To my amazing community of crewmates and friends,
I received unexpected news last Saturday: My boat will be ready in time to row the Atlantic in January, but not in time to train first.
Wait, January? Doesn’t the race begin in December? Sure does. The race starts December 12. And a few weeks ago, it became clear that finishing the boat and logistics like shipping wouldn’t be feasible by December – so I deferred my entry in the race and began preparing for an independent crossing of the same route.
My target date? January 24 – late enough to allow for logistics, but early enough to leave a short window to adjust the launch based on changing weather conditions.
But the timeline compressed further, and now I can either row the Atlantic with nearly no training in January, or delay.
You may be thinking, surely you can’t row the Atlantic without training, right? Actually, it’s been done, and I believe I could. I would meet my boat in the Canaries, spend a few days practicing, and cast off.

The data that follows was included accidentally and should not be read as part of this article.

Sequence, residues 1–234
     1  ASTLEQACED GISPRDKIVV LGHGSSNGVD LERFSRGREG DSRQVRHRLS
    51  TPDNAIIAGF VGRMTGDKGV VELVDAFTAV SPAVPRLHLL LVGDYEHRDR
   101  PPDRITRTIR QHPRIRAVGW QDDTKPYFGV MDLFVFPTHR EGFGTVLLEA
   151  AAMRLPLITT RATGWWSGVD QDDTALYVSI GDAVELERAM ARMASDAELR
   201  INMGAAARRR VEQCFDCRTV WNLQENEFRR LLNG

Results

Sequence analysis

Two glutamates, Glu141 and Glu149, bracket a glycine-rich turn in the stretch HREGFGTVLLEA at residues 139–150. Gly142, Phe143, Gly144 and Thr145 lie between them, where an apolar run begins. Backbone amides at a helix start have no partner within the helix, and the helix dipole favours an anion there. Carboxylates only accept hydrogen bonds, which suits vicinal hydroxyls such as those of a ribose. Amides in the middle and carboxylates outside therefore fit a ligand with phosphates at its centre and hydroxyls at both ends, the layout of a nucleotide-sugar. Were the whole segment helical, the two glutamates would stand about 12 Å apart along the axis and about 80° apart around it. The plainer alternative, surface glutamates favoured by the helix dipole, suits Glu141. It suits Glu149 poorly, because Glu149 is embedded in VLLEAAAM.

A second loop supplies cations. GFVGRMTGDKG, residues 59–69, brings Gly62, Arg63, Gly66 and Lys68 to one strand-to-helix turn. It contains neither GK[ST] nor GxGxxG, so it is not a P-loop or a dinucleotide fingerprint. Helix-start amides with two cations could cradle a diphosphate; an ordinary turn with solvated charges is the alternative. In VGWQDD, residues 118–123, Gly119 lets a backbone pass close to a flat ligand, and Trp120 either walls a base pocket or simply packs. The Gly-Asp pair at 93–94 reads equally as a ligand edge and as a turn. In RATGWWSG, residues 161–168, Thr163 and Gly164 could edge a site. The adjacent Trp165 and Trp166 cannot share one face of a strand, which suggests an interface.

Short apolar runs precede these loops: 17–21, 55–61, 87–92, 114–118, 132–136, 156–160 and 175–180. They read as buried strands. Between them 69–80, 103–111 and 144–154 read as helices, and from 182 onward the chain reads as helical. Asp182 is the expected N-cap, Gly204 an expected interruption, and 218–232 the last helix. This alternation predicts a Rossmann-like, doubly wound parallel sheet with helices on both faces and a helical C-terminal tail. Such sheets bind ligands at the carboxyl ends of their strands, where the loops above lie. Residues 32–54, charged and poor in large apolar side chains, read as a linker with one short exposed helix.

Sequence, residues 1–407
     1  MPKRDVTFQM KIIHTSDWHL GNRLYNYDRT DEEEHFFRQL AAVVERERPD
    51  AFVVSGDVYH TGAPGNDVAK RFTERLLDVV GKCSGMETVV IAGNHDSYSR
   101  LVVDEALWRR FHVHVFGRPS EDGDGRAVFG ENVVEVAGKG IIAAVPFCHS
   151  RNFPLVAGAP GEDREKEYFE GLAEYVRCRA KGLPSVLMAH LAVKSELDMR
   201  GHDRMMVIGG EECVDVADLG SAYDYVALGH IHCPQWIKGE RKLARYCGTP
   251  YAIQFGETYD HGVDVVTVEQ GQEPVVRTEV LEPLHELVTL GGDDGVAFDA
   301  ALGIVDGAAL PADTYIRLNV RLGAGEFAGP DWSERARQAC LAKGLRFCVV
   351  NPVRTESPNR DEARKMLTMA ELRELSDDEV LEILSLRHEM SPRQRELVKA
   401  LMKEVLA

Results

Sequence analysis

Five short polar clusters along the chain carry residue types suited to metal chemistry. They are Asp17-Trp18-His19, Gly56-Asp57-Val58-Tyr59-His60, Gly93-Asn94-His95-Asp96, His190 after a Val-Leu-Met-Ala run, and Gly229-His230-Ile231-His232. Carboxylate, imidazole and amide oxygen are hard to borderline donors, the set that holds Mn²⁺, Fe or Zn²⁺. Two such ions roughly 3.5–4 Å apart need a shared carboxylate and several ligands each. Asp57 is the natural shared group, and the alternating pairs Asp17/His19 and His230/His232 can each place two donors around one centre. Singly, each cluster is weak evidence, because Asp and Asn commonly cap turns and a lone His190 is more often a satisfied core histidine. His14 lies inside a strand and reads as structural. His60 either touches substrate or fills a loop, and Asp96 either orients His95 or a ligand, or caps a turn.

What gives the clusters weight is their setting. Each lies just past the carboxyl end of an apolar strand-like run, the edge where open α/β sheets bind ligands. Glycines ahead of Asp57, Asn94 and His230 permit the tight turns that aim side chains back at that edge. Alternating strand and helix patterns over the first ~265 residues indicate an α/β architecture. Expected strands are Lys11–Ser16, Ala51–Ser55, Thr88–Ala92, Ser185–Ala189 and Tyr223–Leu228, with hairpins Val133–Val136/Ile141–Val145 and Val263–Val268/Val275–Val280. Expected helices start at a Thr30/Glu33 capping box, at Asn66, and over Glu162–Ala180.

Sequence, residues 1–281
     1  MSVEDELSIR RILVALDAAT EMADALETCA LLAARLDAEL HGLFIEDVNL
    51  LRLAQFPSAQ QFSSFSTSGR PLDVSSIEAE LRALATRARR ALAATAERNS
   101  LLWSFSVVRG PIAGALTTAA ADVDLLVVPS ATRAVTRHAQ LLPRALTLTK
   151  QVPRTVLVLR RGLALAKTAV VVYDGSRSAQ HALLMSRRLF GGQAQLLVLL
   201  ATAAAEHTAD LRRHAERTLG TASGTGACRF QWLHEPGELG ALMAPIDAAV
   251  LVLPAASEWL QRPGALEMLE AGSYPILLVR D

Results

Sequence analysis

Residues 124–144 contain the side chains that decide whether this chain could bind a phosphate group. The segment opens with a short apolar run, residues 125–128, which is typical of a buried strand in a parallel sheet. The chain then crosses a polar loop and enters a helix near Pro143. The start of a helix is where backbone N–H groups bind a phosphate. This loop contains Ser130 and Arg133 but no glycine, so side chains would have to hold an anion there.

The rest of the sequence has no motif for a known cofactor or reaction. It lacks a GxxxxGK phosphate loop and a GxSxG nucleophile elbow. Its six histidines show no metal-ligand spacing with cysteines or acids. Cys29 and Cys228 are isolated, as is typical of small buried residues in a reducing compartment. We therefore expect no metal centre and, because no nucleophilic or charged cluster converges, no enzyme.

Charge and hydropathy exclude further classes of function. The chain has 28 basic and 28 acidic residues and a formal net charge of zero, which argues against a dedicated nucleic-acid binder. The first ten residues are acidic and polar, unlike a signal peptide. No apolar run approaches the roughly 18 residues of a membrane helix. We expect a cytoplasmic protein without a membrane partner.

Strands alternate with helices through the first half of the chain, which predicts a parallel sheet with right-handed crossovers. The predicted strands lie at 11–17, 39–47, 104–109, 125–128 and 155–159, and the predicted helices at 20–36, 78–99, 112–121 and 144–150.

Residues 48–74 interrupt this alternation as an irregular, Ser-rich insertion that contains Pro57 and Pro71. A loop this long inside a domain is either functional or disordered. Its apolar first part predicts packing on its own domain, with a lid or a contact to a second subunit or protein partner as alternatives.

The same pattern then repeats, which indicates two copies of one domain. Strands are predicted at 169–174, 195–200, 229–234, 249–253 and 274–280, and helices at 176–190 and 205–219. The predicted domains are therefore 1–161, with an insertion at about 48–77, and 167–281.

In the best-case scenario, it’s just enough time to learn what doesn’t work and figure out what I’ll need to teach myself at sea. In the worst case, I might not even launch, because a small delay could derail the plan.
Could I launch a few weeks later? Unfortunately, not. I need to reach the Caribbean by May to minimize the risk of hurricanes, and I want to give myself three months to row there.
I am embracing a simple truth. In ocean rowing, no matter what, one simple factor drives the ability to succeed: time spent training in the boat.
You have all been incredibly generous in your support for the United World Challenge, and the last thing I want is to risk everything you’ve given. I will row an ocean, but I am not willing to jeopardize what we’ve built to get here.
Rather than a roadblock, I see a grand opportunity
Close to 120 people have rowed the Atlantic alone.
Fewer than 10 have rowed from North America to Hawaii. That’s under 10. Ever.